Neck round and rather outstretched, tapered from head to body, well muscled, with tight skin. Topline--The withers are slightly higher and slope into the back, which must be level, straight, and firm from withers to hip joints. Chest not broad, but deep. The lowest point should reach the elbow, forming a smooth ascendant curve to the abdomen. Abdomen--Moderate development. Neither tucked up nor paunchy. The loin section, viewed from above, is relatively short, broad and strong, but blending smoothly into the back. The croup is medium long, sloping gradually. Tail strong at the base, bone to reach hock. At rest the dog holds it low, the tip bent back level with the hock. When in action he raises it and gives it a curl, which is strongest toward the tip, without forming a hook. Cropped or stump tail shall disqualify.

Shoulder long and oblique, laid flat against the body, forming a sharp angle (approximately 90 degrees) with the upper arm. Legs straight, strong and parallel to each other. Bone oval rather than round. Development (length and substance) should be well proportioned to the size of the dog. Pastern medium length, strong, and very slightly sloped. Feet round (cat footed), toes curved close together, well padded. Nails strong and black, except that they may be white to match white toe tips.

Legs--Length and substance well proportioned to the size of the dog. Bone oval rather than round. Legs are parallel to each other. Thighs broad and heavily muscled. The upper and lower thigh bones approximately parallel the shoulder blade and upper arm respectively, forming a relatively sharp angle at stifle joint. The angle at the hock is relatively sharp, although the Belgian Sheepdog does not have extreme angulation. Metatarsus medium length, strong and slightly sloped. Dewclaws, if any, should be removed. Feet slightly elongated. Toes curved close together, well padded. Nails strong and black, except that they may be white to match white toe tips.

The guard hairs of the coat must be long, well fitting, straight and abundant. They should not be silky or wiry. The texture should be a medium harshness. The undercoat should be extremely dense, commensurate, however, with climatic conditions. The Belgian Sheepdog is particularly adaptable to extremes of temperature or climate. The hair is shorter on the head, outside of the ears, and lower part of the legs. The opening of the ear is protected by tufts of hair. Ornamentation-- Especially long and abundant hair, like a collarette, around the neck; fringe of long hair down the back of the forearm; especially long and abundant hair trimming the hindquarters, the breeches; long, heavy and abundant hair on the tail.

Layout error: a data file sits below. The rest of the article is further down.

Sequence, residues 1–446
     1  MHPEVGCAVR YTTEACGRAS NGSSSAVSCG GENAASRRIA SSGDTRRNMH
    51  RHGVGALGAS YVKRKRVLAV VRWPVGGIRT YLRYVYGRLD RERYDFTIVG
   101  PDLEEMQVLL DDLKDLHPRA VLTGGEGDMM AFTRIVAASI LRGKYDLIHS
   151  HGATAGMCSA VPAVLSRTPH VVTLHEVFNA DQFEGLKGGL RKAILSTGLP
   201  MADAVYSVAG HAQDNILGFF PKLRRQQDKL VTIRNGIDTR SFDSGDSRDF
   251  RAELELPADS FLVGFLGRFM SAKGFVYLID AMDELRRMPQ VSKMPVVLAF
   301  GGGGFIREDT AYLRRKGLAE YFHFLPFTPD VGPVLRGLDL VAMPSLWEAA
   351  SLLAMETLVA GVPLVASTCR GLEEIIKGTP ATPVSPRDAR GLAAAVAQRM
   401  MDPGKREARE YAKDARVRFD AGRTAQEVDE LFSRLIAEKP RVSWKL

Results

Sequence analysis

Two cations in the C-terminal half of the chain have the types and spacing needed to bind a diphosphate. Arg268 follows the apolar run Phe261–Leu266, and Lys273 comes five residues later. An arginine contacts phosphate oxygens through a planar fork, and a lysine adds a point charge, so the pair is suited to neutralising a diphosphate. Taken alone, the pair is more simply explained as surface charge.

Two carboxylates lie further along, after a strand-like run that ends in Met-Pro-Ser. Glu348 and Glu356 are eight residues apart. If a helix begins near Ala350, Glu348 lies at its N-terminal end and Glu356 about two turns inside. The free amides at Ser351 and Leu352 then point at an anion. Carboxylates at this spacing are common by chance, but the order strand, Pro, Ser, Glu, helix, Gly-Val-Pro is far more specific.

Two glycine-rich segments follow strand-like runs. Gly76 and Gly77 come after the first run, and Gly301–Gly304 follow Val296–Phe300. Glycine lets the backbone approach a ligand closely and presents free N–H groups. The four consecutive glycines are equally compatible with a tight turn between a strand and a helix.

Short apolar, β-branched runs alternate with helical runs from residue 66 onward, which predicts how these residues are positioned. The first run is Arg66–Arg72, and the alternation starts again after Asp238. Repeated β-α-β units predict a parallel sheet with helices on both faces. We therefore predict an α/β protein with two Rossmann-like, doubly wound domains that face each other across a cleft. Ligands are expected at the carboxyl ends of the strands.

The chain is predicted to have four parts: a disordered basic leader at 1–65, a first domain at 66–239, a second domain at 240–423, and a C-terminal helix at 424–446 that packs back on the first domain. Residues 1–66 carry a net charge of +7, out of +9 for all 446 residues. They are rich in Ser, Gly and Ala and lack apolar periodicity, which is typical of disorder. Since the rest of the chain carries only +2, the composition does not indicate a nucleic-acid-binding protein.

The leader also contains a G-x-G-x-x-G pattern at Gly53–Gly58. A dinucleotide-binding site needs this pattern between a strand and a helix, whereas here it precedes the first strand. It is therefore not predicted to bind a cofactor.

Black. May be completely black, or may be black with white, limited as follows: Small to moderate patch or strip on forechest. Between pads of feet. On tips of hind toes. On chin and muzzle (frost may be white or gray). On tips of front toes--allowable, but a fault. Disqualification
Any color other than black, ex-cept for white in specified areas. Reddening due to climatic conditions in an otherwise correct coat should not be grounds for disqualification.

Motion should be smooth, free and easy, seemingly never tiring, exhibiting facility of movement rather than a hard driving action. He tends to single track on a fast gait; the legs, both front and rear, converging toward the center line of gravity of the dog. The backline should remain firm and level, parallel to the line of motion, with no crabbing. He shows a marked tendency to move in a circle rather than a straight line.

The Belgian Sheepdog should reflect the qualities of intelligence, courage, alertness and devotion to master. To his inherent aptitude as a guardian of flocks should be added protectiveness of the person and property of his master. He should be watchful, attentive, and always in motion when not under command. In his relationship with humans, he should be observant and vigilant with strangers, but not apprehensive. He should not show fear or shyness. He should not show viciousness by unwarranted or unprovoked attack. With those he knows well, he is most affectionate and friendly, zealous of their attention, and very possessive. Viciousness is a disqualification.

Males under 22½ or over 27½ inches in height and females under 20½ or over 25½ inches in height.
Ears hanging (as on a hound).
Cropped or stump tail.
Any color other than black.

Approved December 11, 1990
Effective January 30, 1991


The Belgian Sheepdog is known as the Groenendael, or Chien de Berger Beige in most parts of the world. Its origin can be traced to the late 1800's when it was listed, both in stud books and at dog shows, among many other shepherds as the Chien de Berger de Races Continentales (Continental Shepherds). By pedigree we can identify many of the Continental Shepherds not only as the Belgian Shepherds (Groenendael, Malinois, Tervuren, and Laekenois), but also as German Shepherds, Hollander Herders, Beauceron, Bouvier des Flandres, and Briards.